What are the Norwegian pay and working conditions?
There is no such thing as a general minimum wage in Norway. The salary is agreed between the employer and employee as part of the employment contract. In cases where the parties are bound by a collective agreement, the remuneration will be based on this agreement. While an employment contract is an individual agreement between an employer and employee, a collective agreement is a collective agreement between employers ‘and employees’ trade unions. In addition to the wage conditions, collective agreements contain provisions on other working conditions, and if the employee is employed in an enterprise that is covered by the collective agreement, he will also be covered by the terms of that agreement.
In Norway, wages can be calculated in various ways, for example on the basis of time worked (annual, monthly or hourly wage) or on the basis of the performance achieved (performance-based or piecework pay). The method of calculation is most often determined by the industry, and in the construction industry, hourly wages are the most common way of remunerating construction workers.
Possible bonuses to remuneration due to inconvenient working hours in the evening, at night, on Sundays and public holidays, should be agreed between the employer and employee. The allowances most often appear in the employment contract, in internal contracts at the workplace or in a collective agreement, if the parties are covered by such an agreement. In the case of work on public holidays on May 1 and 17 (Norwegian national holiday), everyone is entitled to additional remuneration, which is regulated by law.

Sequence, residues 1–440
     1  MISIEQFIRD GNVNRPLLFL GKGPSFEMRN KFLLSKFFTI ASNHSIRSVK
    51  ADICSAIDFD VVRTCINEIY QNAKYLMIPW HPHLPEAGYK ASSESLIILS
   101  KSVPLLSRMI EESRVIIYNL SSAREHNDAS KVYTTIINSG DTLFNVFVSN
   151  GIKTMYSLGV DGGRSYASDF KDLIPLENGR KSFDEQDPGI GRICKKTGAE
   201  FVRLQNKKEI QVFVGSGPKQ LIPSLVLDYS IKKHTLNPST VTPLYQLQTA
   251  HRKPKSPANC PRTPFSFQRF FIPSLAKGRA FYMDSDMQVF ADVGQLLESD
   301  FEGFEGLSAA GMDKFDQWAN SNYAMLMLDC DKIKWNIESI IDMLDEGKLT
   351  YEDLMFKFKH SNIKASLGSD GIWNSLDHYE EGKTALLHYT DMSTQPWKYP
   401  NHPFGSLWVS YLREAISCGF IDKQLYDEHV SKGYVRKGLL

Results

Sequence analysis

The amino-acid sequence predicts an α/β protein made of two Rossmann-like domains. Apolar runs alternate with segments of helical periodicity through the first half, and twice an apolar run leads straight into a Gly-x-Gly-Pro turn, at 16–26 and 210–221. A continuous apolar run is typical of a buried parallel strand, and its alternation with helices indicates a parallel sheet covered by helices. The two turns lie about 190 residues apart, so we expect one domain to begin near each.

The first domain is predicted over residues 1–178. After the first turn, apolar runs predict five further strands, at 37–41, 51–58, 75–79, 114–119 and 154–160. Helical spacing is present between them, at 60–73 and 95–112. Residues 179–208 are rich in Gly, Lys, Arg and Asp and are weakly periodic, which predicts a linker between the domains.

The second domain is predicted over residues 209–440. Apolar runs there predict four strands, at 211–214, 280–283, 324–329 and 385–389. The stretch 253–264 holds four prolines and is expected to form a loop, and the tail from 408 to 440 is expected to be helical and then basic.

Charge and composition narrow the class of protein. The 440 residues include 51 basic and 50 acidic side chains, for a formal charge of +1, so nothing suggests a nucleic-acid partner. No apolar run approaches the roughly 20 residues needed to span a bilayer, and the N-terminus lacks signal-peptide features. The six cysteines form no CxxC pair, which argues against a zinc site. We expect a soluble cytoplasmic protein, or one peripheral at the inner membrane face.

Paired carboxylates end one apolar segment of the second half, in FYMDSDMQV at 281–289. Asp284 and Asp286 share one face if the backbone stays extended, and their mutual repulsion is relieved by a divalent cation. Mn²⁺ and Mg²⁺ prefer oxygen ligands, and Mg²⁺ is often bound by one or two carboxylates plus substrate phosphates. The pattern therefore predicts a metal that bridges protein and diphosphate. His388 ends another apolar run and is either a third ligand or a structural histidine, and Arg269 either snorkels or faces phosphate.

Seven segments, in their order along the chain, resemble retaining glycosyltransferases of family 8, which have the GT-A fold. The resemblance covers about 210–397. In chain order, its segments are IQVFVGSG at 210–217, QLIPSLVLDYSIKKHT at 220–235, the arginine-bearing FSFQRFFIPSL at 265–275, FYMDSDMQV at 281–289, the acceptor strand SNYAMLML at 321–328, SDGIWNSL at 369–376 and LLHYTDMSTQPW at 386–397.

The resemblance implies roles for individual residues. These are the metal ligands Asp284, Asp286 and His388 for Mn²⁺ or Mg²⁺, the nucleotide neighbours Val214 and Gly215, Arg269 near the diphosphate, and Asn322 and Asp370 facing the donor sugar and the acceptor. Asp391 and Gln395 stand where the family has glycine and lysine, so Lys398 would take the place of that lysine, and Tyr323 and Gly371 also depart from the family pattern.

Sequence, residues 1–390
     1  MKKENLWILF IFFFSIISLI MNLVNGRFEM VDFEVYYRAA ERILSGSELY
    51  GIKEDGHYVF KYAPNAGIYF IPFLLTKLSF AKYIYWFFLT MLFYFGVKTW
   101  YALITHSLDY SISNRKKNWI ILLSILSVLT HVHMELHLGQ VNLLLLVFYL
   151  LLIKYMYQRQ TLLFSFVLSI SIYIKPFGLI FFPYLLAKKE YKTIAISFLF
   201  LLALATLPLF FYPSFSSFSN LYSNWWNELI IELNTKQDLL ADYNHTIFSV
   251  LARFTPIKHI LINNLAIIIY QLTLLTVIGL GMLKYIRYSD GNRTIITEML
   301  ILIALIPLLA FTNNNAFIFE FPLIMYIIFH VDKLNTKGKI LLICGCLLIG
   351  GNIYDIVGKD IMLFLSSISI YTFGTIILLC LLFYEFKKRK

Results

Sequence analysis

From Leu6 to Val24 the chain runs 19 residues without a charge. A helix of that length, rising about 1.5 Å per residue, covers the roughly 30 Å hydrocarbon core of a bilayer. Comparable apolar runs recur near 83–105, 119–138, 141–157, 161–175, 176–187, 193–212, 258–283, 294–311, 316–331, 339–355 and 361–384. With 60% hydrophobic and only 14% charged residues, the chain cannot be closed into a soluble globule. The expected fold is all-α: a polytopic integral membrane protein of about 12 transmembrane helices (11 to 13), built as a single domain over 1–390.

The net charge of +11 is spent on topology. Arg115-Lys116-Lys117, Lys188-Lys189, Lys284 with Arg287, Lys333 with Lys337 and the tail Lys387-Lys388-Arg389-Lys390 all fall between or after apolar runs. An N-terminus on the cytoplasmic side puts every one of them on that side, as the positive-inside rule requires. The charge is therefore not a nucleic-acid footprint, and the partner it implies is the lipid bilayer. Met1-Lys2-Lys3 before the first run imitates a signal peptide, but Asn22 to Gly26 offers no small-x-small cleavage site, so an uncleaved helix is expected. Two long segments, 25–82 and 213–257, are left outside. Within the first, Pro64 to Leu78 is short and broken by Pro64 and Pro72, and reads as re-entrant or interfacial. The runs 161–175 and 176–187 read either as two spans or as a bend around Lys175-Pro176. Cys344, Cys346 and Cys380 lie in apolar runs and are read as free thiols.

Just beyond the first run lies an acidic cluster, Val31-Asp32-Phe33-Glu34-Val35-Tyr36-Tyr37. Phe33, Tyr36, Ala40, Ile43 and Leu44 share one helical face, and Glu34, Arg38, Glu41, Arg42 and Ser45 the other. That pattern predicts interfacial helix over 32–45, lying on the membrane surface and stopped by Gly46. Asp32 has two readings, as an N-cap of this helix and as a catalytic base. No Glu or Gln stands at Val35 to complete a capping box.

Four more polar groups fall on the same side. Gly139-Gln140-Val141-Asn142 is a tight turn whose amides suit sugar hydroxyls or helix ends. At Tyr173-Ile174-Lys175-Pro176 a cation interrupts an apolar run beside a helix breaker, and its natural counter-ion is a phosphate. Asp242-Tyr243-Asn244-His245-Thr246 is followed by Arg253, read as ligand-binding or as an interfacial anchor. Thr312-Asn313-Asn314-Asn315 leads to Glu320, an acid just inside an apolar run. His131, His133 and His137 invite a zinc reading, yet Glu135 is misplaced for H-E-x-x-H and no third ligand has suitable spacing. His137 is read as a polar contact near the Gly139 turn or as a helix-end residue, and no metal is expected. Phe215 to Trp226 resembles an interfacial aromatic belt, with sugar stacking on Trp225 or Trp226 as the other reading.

The vast majority of workers are also entitled to overtime pay. Overtime pay means that the employee is entitled to the normal hourly wage for each hour of overtime plus a minimum supplement to this wage of 40% of the normal hourly wage. It is not allowed to set a lower percentage rate, but it can be agreed that any overtime can be taken away in the form of free time [note crowd. avspassering]. However, overtime pay of at least 40% must always be paid as a supplement.
Despite the fact that there is no general minimum wage, the minimum wage is determined in individual industries through the so-called universal collective agreements. The popularized collective agreements apply to all persons who perform work to a certain extent, even if the employee is not covered by the collective agreement. Such popularization of collective agreements is a tool to prevent foreign workers from receiving worse pay and working conditions than those that normally apply in Norway.
In the case of both qualified and unskilled workers who perform construction work on construction sites, the Fellesoverenskomsten for byggfag FOB [Collective Agreement for the Construction Industry] 2014-2016 has been popularized. This agreement was concluded between Næringslivets Hovedorganisasjon [Norwegian Employers’ Union] and Byggenæringens Landsforening [Norwegian Construction Industry Association] on one side, and Landsorganisasjonen and Norge [Norwegian Trade Union Confederation] and Fellesforbundet [Norwegian Trade Union Confederation] on the other side, ordinance. In addition to setting the minimum wage, the ordinance regulates, inter alia, the coverage of travel, food, accommodation and workwear costs.